[HOT] : Masayuki Uemura: Death of the creator of the Super Nintendo and the NES

Masayuki Uemura, the engineer of the NES and the Super Nintendo, has passed away. It was mid-morning that the sad news broke and it didn’t take long for the messages to start raining on social media. Having left at the age of 78 on December 6, this man had such an important role at Nintendo and in the video game industry that it seemed inconceivable to us not to pay tribute to him.

In this month of November 1981, Masayuki Uemura is not serene. In charge of Nintendo’s R & D2 (Research and Development) office, he has been looking for an idea for several years to restore the image of his team and it does not come. Opposite, the R & D1 office, headed by Gunpei Yokoi, is a hit with Game & Watch and nothing more is needed to create a climate of uncertainty. At almost forty years old, the electronic engineer knows that his future is at stake, especially after the Radar Scope fiasco (the terminal will cause panic at Nintendo of America and the creation of the famous Donkey Kong). The situation is tense. Until a certain phone call …

I think it all started when Yamauchi-san, the former president of Nintendo, called me home. For sure. He then told me that the good sales of Game & Watch would not last very long. At the time, I was responsible for the Research & Development 2 department, whose workforce was tending to decrease. I had a lot of free time and could go home fairly early. (laughs). He told me that the next big hit would be video games to play on the living room TV screen and asked if my department could develop them. He wanted games to no longer be integrated, but instead the console to use cartridges, a system that was growing in popularity at the time. He also added that he wanted a machine that the competition couldn’t match for three years.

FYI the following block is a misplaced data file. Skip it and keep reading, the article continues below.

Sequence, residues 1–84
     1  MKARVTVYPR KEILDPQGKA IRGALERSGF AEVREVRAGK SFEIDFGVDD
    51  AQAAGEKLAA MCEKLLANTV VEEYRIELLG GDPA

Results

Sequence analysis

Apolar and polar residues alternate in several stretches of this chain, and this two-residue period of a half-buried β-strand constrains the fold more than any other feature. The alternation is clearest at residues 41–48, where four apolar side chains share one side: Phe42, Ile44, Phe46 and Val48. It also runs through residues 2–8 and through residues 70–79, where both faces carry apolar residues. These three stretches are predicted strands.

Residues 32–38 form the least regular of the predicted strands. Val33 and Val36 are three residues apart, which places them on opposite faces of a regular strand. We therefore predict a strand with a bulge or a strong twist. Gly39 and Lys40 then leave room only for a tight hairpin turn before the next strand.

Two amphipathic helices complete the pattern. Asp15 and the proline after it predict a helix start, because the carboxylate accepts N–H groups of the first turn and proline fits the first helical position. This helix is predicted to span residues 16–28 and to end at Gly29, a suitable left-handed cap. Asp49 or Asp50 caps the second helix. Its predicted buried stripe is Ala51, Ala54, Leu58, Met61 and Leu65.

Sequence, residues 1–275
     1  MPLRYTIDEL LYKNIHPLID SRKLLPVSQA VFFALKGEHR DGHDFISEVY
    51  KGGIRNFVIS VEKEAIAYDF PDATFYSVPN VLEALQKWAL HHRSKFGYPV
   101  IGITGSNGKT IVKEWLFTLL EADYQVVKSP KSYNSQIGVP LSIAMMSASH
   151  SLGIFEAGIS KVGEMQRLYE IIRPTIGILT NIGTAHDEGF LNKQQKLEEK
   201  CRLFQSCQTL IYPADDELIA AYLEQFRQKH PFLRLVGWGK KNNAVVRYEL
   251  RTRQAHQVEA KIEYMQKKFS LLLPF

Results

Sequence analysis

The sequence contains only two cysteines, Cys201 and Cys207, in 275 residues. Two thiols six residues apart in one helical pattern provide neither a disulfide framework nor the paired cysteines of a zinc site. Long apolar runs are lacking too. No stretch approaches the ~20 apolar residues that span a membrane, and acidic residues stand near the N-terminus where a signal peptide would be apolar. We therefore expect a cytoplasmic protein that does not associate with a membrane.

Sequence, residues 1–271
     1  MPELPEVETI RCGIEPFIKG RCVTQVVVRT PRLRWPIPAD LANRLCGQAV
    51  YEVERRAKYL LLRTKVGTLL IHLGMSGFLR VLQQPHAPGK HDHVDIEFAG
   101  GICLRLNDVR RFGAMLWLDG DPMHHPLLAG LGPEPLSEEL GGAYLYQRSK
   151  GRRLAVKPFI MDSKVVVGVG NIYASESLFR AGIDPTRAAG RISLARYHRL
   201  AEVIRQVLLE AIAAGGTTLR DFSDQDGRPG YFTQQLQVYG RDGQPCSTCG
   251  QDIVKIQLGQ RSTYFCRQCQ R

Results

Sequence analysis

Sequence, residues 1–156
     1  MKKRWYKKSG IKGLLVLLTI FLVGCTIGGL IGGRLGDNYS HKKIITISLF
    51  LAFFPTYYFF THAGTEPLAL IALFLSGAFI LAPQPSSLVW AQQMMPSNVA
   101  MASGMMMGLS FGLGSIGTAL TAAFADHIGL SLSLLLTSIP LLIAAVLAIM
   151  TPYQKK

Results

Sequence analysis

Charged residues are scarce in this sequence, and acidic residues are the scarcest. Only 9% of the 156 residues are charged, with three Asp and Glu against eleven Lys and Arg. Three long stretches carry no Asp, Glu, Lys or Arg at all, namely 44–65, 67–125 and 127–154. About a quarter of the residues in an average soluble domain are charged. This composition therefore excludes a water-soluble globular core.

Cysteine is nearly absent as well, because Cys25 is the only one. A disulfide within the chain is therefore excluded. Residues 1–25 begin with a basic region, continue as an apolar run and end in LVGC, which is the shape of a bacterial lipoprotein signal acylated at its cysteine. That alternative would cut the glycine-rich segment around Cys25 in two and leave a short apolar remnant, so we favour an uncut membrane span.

At the time, the engineer was completely confused! In his eyes, the request of the president of Nintendo is totally irrational! For several days, he tries to clarify the latter’s request and obtains information which disturbs him even more: the machine must not exceed the psychological price of 10,000 yen (or about 100 euros with inflation). The challenge is colossal, if not impossible, but the Nintendo employee has found a real way to regain the trust of his boss. And he will then give everything so that everything is ready for the middle of the year 1982 as required by his superior. At first, he turns to the company Sharp (his ex-employer) and establishes a first contact which looks promising, but this hope is quickly showered by Yamauchi himself.

I started researching video games, but soon another problem arose. Yamauchi-san had decreed that we could not manufacture this console in collaboration with Sharp. It really bothered me. (laughs) I intended to collaborate with Sharp.

In fact, Sharp is already working with R & D1 on the design of Game & Watch and the president of Nintendo is concerned that the management of several projects simultaneously will disrupt the proper functioning of his screen and semiconductor supplier.